Coal-powered plant leaves legacy he doesn’t want

Published 8:29 am Saturday, March 28, 2009

To the Editor:

Why when a company is presented with a safer alternative that doesn’t have quite have as much profit margin in the Dendron Power Plant project do they not even consider it?

Why a nonprofit would not consider a safer alternative such as a combined cycle coal gasification plant driving gas and steam turbines escapes me.

I think what it boiled down to was the profit motive. They want to build the same old dirty polluting coal-fired power plant. What is this going to do to the Blackwater River?

The Dendron ODEC power plant will be approximately 3.05 miles from the schools at Elberon. Wikipedia, under fossil-fuel plants, says that a 1,000-megawatt coal burning power plant could release as much as 5.2 tons per year of uranium. The radioactive emission from this coal-fired power plant is 100 times greater than a comparable nuclear power plant with the same electrical output.

Including processing output, the coal power plant’s radiation output is over three times greater. The Dendron plant will be a third larger than this. Remember Clover, which ODEC owns a 50 percent share of? Well, they promised to add more pollution-control equipment when threatened with a large fine.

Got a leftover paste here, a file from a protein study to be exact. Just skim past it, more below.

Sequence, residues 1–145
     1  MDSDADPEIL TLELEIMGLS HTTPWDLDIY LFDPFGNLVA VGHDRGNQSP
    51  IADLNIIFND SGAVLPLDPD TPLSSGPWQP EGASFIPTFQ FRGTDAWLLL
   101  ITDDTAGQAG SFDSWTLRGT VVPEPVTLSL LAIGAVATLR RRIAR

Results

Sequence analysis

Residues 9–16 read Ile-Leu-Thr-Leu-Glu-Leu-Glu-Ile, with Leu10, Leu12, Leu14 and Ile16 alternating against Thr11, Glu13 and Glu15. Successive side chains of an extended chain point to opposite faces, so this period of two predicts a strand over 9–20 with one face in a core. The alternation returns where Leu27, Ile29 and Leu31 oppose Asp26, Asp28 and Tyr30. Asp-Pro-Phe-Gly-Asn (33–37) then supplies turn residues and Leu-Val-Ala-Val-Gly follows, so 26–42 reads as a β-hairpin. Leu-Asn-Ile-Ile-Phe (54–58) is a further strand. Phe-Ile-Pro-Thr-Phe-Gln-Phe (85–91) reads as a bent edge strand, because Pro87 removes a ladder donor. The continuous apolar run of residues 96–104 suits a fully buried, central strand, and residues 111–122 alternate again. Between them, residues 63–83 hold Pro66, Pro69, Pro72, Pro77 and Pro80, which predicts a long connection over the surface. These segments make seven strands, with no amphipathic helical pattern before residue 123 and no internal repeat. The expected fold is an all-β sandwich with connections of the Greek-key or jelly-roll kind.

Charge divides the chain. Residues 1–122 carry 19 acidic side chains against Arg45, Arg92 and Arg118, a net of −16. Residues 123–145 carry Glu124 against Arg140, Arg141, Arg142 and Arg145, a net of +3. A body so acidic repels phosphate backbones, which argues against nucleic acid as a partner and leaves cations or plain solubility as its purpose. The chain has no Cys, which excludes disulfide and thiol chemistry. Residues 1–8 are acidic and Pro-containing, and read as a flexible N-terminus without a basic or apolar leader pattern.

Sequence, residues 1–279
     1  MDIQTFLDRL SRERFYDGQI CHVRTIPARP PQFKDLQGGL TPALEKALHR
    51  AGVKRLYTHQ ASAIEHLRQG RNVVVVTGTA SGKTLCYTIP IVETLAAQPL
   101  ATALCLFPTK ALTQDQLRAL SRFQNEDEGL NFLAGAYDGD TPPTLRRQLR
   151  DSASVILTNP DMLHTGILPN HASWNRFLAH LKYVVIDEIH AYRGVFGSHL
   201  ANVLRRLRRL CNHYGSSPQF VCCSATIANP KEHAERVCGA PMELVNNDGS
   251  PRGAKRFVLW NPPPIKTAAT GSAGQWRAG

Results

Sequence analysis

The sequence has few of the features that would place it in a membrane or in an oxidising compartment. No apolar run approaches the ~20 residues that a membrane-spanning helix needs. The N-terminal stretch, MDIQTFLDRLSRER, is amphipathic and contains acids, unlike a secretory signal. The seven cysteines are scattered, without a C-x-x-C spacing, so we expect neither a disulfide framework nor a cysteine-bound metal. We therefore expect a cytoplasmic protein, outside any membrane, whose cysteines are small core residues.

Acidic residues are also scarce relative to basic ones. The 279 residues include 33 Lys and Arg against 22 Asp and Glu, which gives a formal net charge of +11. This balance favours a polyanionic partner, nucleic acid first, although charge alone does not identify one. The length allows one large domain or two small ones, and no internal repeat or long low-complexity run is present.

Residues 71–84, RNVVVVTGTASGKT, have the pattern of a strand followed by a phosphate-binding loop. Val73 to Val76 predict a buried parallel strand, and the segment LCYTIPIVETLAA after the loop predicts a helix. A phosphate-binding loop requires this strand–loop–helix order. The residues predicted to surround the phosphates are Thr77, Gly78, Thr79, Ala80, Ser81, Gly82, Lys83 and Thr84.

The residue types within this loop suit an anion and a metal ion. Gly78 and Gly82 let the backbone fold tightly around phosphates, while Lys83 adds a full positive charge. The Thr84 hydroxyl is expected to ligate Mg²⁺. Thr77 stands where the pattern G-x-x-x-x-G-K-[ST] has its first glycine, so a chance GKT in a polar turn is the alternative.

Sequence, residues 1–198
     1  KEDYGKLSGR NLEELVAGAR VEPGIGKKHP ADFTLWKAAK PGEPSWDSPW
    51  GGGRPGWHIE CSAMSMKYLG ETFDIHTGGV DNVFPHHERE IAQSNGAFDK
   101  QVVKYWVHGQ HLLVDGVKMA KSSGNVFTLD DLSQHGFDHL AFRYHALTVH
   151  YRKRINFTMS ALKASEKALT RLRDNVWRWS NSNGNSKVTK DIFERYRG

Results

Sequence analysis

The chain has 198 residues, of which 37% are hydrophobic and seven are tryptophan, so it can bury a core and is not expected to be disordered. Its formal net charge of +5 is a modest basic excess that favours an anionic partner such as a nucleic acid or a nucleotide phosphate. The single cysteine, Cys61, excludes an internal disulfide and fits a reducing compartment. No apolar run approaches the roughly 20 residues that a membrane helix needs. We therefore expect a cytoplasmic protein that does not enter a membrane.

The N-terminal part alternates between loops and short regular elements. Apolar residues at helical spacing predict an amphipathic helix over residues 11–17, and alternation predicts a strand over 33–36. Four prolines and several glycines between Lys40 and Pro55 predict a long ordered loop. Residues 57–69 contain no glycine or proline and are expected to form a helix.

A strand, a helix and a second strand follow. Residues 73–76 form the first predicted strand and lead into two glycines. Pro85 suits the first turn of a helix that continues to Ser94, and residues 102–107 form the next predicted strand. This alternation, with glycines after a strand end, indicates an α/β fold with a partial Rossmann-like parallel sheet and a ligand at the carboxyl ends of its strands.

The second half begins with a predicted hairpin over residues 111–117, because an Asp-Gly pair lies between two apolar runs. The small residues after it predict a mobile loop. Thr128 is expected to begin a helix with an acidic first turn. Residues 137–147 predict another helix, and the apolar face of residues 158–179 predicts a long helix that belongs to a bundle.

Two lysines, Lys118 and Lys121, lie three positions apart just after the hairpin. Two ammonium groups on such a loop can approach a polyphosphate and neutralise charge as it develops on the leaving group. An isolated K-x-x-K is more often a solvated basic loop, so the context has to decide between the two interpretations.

We want the best technology money can buy, not the same old slobbering, filthy, dirty coal power plants. “Non-polluting” is a pipe dream — just ask the residents in Chesapeake who lived around a golf course where fly ash was used.

They can no longer use their wells because the arsenic level in them is eight times normal.

The coal industry uses the term “clean coal” to describe experimental technologies designed to enhance both the efficiency and the environmental acceptability of coal extraction, preparation, and use, but has provided no specific quantitative limits on any emissions, particularly carbon dioxide. As of the end of 2008, there were no operating “clean coal” (CCS) commercial power plants in existence.

Natural gas is a cleaner fossil fuel than coal, since its combustion does not emit sulfur dioxide, particulate matter or radioactive materials.

When you look at it from all angles, a nuclear power plant would be less damaging and less hazardous than what ODEC is proposing. Do you want your children breathing in these radioactive elements at three times what their exposure would be elsewhere?

Remember the tornado in Suffolk no one saw coming? All of the county supervisors from surrounding areas need to think long and hard about what this power plant is going to expose the children of Southeastern Virginia and your counties to. Is coal ash going to be the asbestos of tomorrow? What a legacy to leave your children.

Mike Eggleston

Surry County